Managing Behaviour in the classroom for Young Learners

When teaching young learners, rewards and punishments often fail to reach the root of behaviour problems. Students misbehave for a variety of reasons. If you don’t know why a student is misbehaving, you can’t select an appropriate solution.

Question: Why do my students keep misbehaving? I’ve tried using different rewards and different forms of punishment. For some students, it doesn’t make a difference.

Answer: Because you treated the symptom, not the cause.

In this article I’ll show you three common reasons why children misbehave in language classes and give solutions for each reason.


Some students misbehave because they want attention. Maybe they don’t get enough attention from their parents at home. Or perhaps the only time they get attention from their teacher is when they misbehave. When children misbehave, teachers tend to say things like, "sit down", “put that away” or "stop making that noise". Misbehaving students might be punished by getting extra homework or having points taken away from their team. Being punished isn’t as good as being praised, but for some students it’s better than being ignored: they’re all forms of attention.

Whenever you give attention to a student who is misbehaving, you reinforce their negative behaviour. You say to them, “If you want my attention again, do the same thing.” Even worse, you say to the rest of the class,  “I give my attention to students who act out.” It’s easy to see how this can lead to a vicious circle of negative behaviour, followed by punishment, followed by more negative behaviour.

Instead of giving your attention to students who are not behaving, give it to students who are behaving. Imagine we’re teaching a class. We ask the learners to sit down, but two students (Johnny and Mary) are running around the classroom. Our first reaction might be to say something like, “Johnny and Mary. Sit down now please” or “Johnny and Mary stop running”. But by telling off Johnny and Mary, we’re giving them attention, and attention reinforces behaviour. So instead, we need to give attention to the students who are doing what we want them to do: sitting down. We could say "Who is sitting nicely? Well done, Marcus and Nancy are sitting nicely." Or “Which team is sitting down? This team is _________ . One extra point to this team.” If that doesn’t work, we could give attention to the students who are sitting down by showing them something interesting. We might put an object in a bag, show students a small part of it and ask them to guess what it is. Or we could pick up a story book and show the front cover illustration to the students who are sitting down. Johnny and Mary will soon come over and join the rest of the class. That’s the moment we praise Johnny and Mary: when they finally sit down. The behaviour we react to is the behaviour we encourage. We’ve now sent a message to Johnny and Mary: if you want attention, sit down when I say so.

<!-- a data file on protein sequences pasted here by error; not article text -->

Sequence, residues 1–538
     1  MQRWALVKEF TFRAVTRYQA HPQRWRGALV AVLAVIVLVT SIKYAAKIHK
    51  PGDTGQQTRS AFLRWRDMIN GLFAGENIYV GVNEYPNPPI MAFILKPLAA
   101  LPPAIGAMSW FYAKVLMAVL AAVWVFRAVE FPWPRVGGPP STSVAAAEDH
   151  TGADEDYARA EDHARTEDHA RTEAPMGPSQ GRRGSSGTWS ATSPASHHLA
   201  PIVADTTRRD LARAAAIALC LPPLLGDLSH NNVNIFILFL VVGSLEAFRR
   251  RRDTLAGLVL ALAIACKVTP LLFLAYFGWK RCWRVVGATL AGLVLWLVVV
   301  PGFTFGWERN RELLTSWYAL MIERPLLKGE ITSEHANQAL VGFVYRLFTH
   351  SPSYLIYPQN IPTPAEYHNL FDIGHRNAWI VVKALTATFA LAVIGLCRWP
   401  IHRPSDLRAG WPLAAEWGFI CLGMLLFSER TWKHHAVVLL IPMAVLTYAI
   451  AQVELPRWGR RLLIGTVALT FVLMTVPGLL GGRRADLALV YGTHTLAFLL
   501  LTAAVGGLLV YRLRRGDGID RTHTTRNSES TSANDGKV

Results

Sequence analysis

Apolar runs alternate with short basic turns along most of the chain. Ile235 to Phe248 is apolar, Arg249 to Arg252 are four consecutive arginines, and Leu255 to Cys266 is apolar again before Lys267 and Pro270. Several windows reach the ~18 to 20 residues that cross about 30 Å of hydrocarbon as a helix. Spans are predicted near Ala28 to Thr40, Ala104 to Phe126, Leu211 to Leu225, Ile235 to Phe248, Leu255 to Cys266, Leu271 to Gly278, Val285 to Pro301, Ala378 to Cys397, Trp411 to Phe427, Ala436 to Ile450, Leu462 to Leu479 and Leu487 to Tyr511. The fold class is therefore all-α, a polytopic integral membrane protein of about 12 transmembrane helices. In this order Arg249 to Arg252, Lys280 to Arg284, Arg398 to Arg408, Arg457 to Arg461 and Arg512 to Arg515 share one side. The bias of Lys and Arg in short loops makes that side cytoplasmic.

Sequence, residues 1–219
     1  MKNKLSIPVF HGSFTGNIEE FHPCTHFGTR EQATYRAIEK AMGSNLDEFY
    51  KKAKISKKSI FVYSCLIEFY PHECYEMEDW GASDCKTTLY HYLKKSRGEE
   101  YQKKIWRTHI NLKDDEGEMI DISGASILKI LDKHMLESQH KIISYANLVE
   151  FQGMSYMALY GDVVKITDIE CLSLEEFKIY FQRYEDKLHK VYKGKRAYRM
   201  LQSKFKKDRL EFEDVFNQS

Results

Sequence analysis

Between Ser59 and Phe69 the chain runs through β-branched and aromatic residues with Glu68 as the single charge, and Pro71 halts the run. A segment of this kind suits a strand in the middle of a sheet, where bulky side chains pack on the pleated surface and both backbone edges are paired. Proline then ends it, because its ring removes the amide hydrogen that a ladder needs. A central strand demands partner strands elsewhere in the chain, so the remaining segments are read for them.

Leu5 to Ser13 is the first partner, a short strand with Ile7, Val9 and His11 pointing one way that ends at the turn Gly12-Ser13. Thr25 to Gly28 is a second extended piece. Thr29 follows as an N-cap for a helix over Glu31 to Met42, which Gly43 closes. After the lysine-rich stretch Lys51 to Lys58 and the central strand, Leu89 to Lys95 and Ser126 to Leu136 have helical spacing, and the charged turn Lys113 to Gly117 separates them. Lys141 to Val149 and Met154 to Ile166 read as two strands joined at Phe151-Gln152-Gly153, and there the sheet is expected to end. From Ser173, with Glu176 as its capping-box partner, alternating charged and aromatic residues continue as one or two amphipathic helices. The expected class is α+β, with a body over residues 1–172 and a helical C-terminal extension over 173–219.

Through recognizing positive behaviour, we encourage students to go from seeking negative attention (reprimands and punishments) to seeking positive attention (being listened to or receiving praise). The key is to make sure that all students get praised for their good behaviour. Some students are naturally better behaved than others. Catch the ‘naughty’ students being good, and praise them. Make them feel good about themselves. They’ll want to feel the same in the future.

However, attention is not the only reason why students misbehave. Mary and Johnny might be running around simply due to…


Students get bored when they have nothing to do or when they're not being challenged. You might notice some students ‘zoning out’ when you want them to listen to their classmates. Or you might find students stop paying attention after they’ve been sitting in their chairs too long, or if they’re waiting to take part in an activity.